- Backfill with non-transactional listing to augment liquidity. In most marketplaces, demand is non-persistent and perishable, i.e. most people do not need to buy 20 of the same beanie baby continuously for the next 3 month. As a result, demand needs to be continuously generated. Supply, however, is a different animal. Some supply is perishable such as one-of-a kind collectible baseball card, once someone buys the card; it is no longer available for sale. Some supply is more persistent than others, such as plumbing services or commodity goods. Holding everything else constant, it is much easier to create liquidity in marketplaces where supply is persistent. Airbnb actually enjoys this phenomenon where it only has to acquire the “seller” once and his or her room or house will be available for rent on Airbnb for a persistent period of time (when it’s not rented out). In these categories, non-transactional (online or offline) directory or classified aggregators often exist such as Yellowpages for plumbers or Craigslist for temporary room for rent. It is often possible to backfill a marketplace with non-transactional listings to give buyers some limited value while the true liquidity is still being built.
- Time Shift Demand and Supply. Many of the current mobile focused marketplaces do a good job in time shifting demand or supply so that they can artificially be matched. Based on preferences or expressed user behaviors, these apps would send sms or app notifications when either a product becomes available for sell or conduct flash auction events for particular product category to pull supply and demand closer together. Back in the days, we used to use a technique called “manually making a market,” i.e. like good commodity trader, we take a “buy order” and we shop it proactively across the market even if there isn’t a matching “sell order” to find latent demand or supply. In the early days of a marketplace, don’t rely on the user to “find it” on your marketplace – use any channel or means possible to generate liquidity – if that means picking up the phone – so be it.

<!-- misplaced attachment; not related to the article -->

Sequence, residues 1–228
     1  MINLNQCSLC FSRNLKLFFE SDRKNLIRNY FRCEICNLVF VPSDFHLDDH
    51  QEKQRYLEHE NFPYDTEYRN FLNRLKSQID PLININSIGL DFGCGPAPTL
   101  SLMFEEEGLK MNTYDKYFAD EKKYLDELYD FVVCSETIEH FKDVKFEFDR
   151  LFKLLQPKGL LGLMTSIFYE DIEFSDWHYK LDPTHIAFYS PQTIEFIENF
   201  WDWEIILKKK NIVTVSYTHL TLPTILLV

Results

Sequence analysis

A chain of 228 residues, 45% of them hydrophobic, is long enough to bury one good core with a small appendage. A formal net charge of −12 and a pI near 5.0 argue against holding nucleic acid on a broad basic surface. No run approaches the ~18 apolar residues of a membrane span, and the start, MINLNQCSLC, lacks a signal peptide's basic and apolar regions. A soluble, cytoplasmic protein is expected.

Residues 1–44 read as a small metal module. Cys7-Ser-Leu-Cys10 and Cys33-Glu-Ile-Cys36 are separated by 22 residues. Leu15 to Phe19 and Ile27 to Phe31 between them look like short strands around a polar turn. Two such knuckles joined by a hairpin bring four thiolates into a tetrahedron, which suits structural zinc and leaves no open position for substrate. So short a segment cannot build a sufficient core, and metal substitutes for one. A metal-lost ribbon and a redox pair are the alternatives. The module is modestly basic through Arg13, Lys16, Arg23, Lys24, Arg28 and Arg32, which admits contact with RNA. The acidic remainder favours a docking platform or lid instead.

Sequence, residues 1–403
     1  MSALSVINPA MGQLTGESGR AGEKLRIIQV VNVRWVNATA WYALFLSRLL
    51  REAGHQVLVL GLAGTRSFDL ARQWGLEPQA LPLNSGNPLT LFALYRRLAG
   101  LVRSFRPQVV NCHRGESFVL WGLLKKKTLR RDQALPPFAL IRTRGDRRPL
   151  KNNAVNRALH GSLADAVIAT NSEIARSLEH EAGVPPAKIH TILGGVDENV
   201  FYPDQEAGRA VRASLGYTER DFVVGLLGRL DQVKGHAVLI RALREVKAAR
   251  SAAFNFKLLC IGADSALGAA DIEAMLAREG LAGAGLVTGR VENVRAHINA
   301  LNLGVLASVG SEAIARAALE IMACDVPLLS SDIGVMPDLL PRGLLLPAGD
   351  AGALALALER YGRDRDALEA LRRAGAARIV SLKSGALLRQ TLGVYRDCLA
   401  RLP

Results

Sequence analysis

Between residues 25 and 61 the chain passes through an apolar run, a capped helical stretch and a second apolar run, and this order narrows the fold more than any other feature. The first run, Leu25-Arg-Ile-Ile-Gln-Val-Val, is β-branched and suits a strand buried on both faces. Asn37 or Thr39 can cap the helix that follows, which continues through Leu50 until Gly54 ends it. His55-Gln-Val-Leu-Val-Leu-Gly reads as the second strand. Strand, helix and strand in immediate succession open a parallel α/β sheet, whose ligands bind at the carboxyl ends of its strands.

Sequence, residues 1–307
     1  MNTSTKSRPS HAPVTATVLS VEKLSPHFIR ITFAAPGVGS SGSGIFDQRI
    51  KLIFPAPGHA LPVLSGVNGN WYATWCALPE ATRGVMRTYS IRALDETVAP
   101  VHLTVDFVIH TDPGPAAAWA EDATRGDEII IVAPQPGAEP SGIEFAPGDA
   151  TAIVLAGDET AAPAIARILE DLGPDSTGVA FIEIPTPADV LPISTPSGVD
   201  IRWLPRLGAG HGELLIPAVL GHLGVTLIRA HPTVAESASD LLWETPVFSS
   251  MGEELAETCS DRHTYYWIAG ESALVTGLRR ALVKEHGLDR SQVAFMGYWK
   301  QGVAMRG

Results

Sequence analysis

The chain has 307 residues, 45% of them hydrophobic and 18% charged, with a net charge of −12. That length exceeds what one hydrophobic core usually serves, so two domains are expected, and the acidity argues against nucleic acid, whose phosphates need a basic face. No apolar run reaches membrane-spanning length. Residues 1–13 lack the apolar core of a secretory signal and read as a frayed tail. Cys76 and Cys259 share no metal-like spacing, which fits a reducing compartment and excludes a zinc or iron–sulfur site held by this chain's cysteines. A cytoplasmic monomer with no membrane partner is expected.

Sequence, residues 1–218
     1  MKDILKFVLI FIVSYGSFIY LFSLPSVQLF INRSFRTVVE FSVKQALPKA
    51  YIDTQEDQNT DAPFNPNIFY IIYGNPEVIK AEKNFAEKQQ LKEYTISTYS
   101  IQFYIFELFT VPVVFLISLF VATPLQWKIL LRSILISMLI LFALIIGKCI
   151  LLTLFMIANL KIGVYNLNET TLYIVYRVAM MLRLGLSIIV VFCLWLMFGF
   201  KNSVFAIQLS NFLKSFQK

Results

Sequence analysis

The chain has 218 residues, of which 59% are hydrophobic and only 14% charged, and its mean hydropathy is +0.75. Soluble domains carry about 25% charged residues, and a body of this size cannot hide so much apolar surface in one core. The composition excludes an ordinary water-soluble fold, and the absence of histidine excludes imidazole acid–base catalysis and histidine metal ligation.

The probability of success for a new venture is by definition very low. Entrepreneurs looking to launch marketplaces must understand that the probability of success for marketplaces is not just linearly harder than traditional e-tail models but magnitudes harder. On the other hand, once having achieved liquidity, marketplaces have significant advantages to simple e-tail businesses: merchandizing is organic, supplies self-adjusts to demand, growth rates are typically exponential, barrier to entry are much higher, and of course margins are 3X-4X higher as well. There is always a leap of faith and an element of luck when it comes to building successful marketplace businesses. By methodically stitching together a set of strategies and tactics to build liquidity, it is possible to reduce that element of luck and increase the probability of success. In the end, success is not entirely impossible or uncontrollable. Especially given the outsized returns for winners, entrepreneurs looking to build billion dollar companies, must seriously consider attacking a market opportunity with the marketplace business model despite all the initial hurdles.